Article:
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One small step for a yeast--microevolution within macrophages renders Candida glabrata hypervirulent due to a single point mutation.

Brunke S, Seider K, Fischer D, Jacobsen ID, Kasper L, Jablonowski N, Wartenberg A, Bader O, Enache-Angoulvant A, Schaller M, d'Enfert C, Hube B - PLoS Pathog. (2014)

Bottom Line: Continuous co-incubation of C. glabrata with a murine macrophage cell line for over six months resulted in a striking alteration in fungal morphology: The growth form changed from typical spherical yeasts to pseudohyphae-like structures - a phenotype which was stable over several generations without any selective pressure.Similarly, the Evo mutant significantly increased TNFα production in the brain on day 2, which is mirrored in macrophages confronted with the Evo mutant, but not with the parental wild type.These results indicate that microevolutionary processes in host-simulative conditions can elicit adaptations of C. glabrata to distinct host niches and even lead to hypervirulent strains.

View Article: PubMed Central - PubMed

Affiliation: Integrated Research and Treatment Center, Sepsis und Sepsisfolgen, Center for Sepsis Control and Care (CSCC), Universitätsklinikum Jena, Jena, Germany; Department of Microbial Pathogenicity Mechanisms, Leibniz Institute for Natural Product Research and Infection Biology - Hans Knoell Institute Jena (HKI), Jena, Germany.

ABSTRACT
Candida glabrata is one of the most common causes of candidemia, a life-threatening, systemic fungal infection, and is surpassed in frequency only by Candida albicans. Major factors contributing to the success of this opportunistic pathogen include its ability to readily acquire resistance to antifungals and to colonize and adapt to many different niches in the human body. Here we addressed the flexibility and adaptability of C. glabrata during interaction with macrophages with a serial passage approach. Continuous co-incubation of C. glabrata with a murine macrophage cell line for over six months resulted in a striking alteration in fungal morphology: The growth form changed from typical spherical yeasts to pseudohyphae-like structures - a phenotype which was stable over several generations without any selective pressure. Transmission electron microscopy and FACS analyses showed that the filamentous-like morphology was accompanied by changes in cell wall architecture. This altered growth form permitted faster escape from macrophages and increased damage of macrophages. In addition, the evolved strain (Evo) showed transiently increased virulence in a systemic mouse infection model, which correlated with increased organ-specific fungal burden and inflammatory response (TNFα and IL-6) in the brain. Similarly, the Evo mutant significantly increased TNFα production in the brain on day 2, which is mirrored in macrophages confronted with the Evo mutant, but not with the parental wild type. Whole genome sequencing of the Evo strain, genetic analyses, targeted gene disruption and a reverse microevolution experiment revealed a single nucleotide exchange in the chitin synthase-encoding CHS2 gene as the sole basis for this phenotypic alteration. A targeted CHS2 mutant with the same SNP showed similar phenotypes as the Evo strain under all experimental conditions tested. These results indicate that microevolutionary processes in host-simulative conditions can elicit adaptations of C. glabrata to distinct host niches and even lead to hypervirulent strains.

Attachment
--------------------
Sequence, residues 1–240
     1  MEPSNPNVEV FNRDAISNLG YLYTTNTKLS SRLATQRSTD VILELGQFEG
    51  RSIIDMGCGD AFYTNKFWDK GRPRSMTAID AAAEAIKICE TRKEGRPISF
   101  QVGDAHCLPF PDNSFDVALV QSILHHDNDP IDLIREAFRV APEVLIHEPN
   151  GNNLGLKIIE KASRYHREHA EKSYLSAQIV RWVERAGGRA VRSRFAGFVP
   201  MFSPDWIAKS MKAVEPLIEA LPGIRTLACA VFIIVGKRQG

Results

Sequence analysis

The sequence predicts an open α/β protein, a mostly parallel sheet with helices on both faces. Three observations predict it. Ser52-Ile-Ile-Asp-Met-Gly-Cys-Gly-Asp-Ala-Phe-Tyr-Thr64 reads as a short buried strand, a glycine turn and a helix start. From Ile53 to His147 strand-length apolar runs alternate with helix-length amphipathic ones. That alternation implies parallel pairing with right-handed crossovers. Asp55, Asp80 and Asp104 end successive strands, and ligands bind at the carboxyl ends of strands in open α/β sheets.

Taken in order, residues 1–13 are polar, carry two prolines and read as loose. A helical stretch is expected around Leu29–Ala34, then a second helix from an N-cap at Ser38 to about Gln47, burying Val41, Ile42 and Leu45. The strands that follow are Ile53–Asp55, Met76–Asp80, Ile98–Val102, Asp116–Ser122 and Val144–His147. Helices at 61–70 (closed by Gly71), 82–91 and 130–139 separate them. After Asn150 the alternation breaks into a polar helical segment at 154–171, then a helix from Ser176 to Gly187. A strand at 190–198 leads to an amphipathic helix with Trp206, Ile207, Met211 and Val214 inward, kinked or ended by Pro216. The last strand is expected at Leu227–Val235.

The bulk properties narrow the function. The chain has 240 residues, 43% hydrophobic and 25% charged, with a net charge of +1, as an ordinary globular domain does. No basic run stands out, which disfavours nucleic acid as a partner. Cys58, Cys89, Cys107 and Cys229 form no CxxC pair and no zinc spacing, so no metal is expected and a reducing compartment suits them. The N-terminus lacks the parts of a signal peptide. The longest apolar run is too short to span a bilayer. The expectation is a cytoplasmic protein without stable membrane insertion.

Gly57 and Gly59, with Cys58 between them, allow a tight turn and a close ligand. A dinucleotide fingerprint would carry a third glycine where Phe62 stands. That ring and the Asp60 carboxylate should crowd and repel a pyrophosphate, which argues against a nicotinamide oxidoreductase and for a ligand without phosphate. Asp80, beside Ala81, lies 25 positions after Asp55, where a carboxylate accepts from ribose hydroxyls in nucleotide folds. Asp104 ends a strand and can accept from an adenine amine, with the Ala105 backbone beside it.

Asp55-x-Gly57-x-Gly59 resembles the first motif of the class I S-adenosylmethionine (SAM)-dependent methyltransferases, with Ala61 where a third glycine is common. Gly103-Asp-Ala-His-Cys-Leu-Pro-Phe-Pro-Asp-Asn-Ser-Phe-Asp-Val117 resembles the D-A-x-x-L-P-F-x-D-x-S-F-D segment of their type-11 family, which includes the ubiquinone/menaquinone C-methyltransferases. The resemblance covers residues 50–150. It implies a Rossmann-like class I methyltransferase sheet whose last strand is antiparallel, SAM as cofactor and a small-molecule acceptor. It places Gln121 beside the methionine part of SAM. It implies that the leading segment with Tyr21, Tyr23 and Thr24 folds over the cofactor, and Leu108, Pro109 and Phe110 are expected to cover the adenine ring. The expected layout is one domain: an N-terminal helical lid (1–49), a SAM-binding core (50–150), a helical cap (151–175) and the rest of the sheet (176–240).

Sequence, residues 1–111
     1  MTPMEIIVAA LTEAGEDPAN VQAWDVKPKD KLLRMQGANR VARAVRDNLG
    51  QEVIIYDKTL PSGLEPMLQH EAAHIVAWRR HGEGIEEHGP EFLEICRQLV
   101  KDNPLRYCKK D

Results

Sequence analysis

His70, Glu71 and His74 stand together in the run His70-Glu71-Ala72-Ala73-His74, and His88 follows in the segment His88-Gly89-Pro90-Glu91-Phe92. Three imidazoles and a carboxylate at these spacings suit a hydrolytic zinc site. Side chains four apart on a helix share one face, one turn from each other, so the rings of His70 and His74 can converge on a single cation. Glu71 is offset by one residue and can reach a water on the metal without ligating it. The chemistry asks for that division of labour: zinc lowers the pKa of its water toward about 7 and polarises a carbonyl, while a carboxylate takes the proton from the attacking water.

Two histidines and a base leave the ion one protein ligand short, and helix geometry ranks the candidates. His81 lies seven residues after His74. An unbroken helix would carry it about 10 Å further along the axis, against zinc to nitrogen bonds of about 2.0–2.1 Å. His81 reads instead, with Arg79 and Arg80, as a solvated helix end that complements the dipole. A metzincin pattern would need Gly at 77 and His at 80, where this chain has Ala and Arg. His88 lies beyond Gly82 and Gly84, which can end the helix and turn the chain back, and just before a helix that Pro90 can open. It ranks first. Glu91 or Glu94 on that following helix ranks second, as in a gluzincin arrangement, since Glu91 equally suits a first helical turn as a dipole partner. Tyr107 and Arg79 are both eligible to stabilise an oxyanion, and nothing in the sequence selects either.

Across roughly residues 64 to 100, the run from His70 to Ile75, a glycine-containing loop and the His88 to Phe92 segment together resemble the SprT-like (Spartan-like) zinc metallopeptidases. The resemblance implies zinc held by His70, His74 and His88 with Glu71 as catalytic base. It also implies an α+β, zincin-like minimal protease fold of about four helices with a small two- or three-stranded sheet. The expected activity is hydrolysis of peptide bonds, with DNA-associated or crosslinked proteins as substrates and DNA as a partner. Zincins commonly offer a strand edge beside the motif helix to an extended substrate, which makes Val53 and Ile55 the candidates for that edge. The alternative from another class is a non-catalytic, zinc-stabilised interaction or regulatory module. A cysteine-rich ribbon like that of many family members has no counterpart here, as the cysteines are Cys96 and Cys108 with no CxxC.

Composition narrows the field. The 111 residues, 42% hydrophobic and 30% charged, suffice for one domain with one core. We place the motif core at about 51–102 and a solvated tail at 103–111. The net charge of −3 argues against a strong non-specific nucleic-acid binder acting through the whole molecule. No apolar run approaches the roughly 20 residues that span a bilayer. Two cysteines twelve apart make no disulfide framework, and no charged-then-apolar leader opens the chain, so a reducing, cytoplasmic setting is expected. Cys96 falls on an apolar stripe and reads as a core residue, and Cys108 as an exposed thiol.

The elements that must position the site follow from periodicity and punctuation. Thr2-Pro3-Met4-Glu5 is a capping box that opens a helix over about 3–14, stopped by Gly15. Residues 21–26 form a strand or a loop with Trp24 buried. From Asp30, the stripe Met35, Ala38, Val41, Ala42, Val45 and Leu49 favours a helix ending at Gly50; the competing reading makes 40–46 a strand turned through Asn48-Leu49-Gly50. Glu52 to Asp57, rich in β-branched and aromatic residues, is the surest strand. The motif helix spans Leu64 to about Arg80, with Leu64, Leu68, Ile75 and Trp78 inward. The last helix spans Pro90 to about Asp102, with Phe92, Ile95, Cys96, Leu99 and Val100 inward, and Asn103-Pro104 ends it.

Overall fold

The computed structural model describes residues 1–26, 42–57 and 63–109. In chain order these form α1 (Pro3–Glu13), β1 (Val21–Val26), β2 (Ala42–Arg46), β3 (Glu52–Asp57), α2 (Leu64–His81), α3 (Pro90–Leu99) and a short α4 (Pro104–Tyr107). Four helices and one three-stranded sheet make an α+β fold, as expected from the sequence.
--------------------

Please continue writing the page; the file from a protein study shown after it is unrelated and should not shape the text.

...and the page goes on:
No MeSH data available.


Related in: MedlinePlus

Increased fitness of the evolved strain in macrophages in direct competition.Macrophages were infected with WT and Evo cells at a ratio of 100∶1 at day 0 and the relative proportion between the two strains monitored daily. The ratio reversed after a few days of coincubation, demonstrating an advantage for the Evo strain during interaction with macrophages. Mean values and standard deviations of three independent experiments are shown.
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ppat-1004478-g002: Increased fitness of the evolved strain in macrophages in direct competition.Macrophages were infected with WT and Evo cells at a ratio of 100∶1 at day 0 and the relative proportion between the two strains monitored daily. The ratio reversed after a few days of coincubation, demonstrating an advantage for the Evo strain during interaction with macrophages. Mean values and standard deviations of three independent experiments are shown.

Mentions: We were interested to know whether the appearance and expansion of the Evo strain in our original co-culture experiment was due to a high selective advantage of this strain in macrophage co-culture. Therefore, we inoculated fresh RAW 246.7 cells with the wild type and the evolved strain at a ratio of 100∶1, and performed daily transfers as in the original co-culture, but with an additional sonification step to ensure similar uptake ratios of WT and Evo strain (see below). After an average of 7 passages (in three independent experiments), the ratio completely inverted to approximately 1∶100 wild type to evolved strain (Fig. 2). This corresponds to a mean competitive fitness ratio of 4.75 d−1 for the wrinkled strain under macrophage exposure.